“I want to take the audience into a world that is so interesting, beautiful and smart that people love to be in it,” said Mr Lasseter. “You want the audience to want to book a week’s vacation to the place where the film just took place.”
However, it remains true that Mr. Lasseter remains a polarizing figure in Hollywood. Ashlyn Anstee, a director at Cartoon Network, told The Hollywood Reporter last week that she was unhappy that Skydance allowed “a supposed creative genius to continue taking positions and space in an industry that could be filled with different people.”
Emma Thompson has her public position on Mr. Lasseter hasn’t changed since she retired from a role in “Luck” in 2019. She had been cast by the film’s first director and then quit Mr. Lasseter joined Skydance.
“It feels very strange to me that you and your company would consider hiring someone with Mr. Lasseter’s pattern of misconduct,” Ms. Thompson wrote in a letter to David Ellison, Skydance’s CEO. (Her character, a human, no longer exists in the radically reworked film.)
Ms. Holmes, the director of “Luck,” said she had no qualms about joining Mr. Lasseter to join Skydance.
“It was a very, very positive experience and John has been a great mentor,” she said.
Holly Edwards, the president of Skydance Animation, a division of Skydance Media, echoed Ms. Holmes. “John has been incredible,” she said. “I’m proud that we create an environment where people know they have a voice and know they’re being listened to.” Ms. Edwards previously worked at DreamWorks Animation for nearly two decades.
Some of Mr. Lasseter’s creative tactics have not changed. One is a willingness to radically revise projects while on the assembly line — including removing a director, something that can cause hurt feelings and fan backlash. He believes that such decisions, while difficult, are sometimes crucial to a quality outcome.
For example, “Luck” was already in the works when Mr. Lasseter arrived at Skydance. Alessandro Carloni (“Kung Fu Panda 3”) was hired to direct the film, which then involved a battle between human agents of luck and bad luck.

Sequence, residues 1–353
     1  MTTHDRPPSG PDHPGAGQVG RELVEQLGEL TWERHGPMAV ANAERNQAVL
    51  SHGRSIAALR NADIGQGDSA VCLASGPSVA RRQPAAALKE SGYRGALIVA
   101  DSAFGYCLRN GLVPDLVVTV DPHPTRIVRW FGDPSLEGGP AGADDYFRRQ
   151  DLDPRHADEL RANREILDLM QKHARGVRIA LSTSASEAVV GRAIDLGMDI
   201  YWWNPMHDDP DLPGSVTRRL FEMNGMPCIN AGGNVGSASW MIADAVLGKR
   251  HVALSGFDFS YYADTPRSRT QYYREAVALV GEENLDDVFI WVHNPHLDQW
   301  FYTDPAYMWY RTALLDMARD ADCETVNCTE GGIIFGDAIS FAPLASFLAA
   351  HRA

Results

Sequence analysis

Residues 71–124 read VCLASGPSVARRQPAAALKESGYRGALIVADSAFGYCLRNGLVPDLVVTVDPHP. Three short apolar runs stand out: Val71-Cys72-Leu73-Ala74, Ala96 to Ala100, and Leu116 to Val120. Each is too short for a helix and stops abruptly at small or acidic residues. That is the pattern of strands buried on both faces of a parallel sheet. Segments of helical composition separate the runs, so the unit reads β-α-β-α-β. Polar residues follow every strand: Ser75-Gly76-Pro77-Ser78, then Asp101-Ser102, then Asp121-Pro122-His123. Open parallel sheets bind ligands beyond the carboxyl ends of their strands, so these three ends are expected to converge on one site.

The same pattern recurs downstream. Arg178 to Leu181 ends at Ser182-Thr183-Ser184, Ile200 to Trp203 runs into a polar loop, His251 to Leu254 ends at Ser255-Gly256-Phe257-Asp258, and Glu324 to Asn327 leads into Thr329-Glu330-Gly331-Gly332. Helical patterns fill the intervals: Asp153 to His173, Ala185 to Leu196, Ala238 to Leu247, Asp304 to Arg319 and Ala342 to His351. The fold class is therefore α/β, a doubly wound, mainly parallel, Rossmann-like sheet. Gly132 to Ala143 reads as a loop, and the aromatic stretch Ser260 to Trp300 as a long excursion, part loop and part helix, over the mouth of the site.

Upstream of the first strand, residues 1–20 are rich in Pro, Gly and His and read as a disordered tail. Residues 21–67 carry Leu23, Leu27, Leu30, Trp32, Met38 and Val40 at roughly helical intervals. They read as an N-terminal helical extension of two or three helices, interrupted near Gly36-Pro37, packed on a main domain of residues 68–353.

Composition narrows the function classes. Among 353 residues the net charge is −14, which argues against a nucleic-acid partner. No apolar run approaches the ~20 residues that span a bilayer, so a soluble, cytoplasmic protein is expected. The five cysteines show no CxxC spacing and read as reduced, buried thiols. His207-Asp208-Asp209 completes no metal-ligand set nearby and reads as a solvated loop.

“As soon as I heard the concept I was actually a little jealous,” said Mr Lasseter. “It’s a subject that every person in the world has a relationship with, and that’s very rare in a basic concept of a movie.”
But in the end, he threw almost everything away and started again. The primary cast now includes Jane Fonda, who voices a pink dragon who can sniff out bad luck, and Whoopi Goldberg, who plays a droll leprechaun tutor. Flula Borg (“Pitch Perfect 2”) voices the overweight, bipedal unicorn, who is a big scene-stealer.
“Sometimes you have to tear a building down to the ground and, quite frankly, in this case, down to the lot,” said Mr Lasseter.
Mr. Lasseter didn’t invent the concept of doing real world research to inform animated stories and artwork, but he is known for going way beyond what is normally done. For ‘Luck’ he had researchers dig into what luck and bad luck are in countless cultures; the film team also researched the foster care system, which was part of the story. (The main character grows up in foster care and is repeatedly left for adoption.)
As with Pixar and Disney, Mr. Lasseter established a “story trust” council at Skydance in which a group of elite directors and writers candidly and repeatedly criticize each other’s work. The Skydance Animation version will soon feature Brad Bird, an old Pixar troupe (“The Incredibles,” “Ratatouille”) who recently joined Mr. Lasseter to develop an original animated film called “Ray Gunn”.
Ms. Holmes said Mr. Lasseter was a nurturing creative force, not a tyrannical one.
“John will give you notes on sequences,” she said. “He will propose a dialogue. He will comment on color or timing or effects. He will pitch story ideas. He’ll draw something – “Oh, maybe it could look like this.”
“And then it’s up to you and your team to run against those notes. Or not. Sometimes we’d come back to John and say the note didn’t work—and here’s why—or we decided we didn’t have to deal with it.’
Ms Holmes added: “If the answer is no, he’s really okay with it. He is really okay with it.”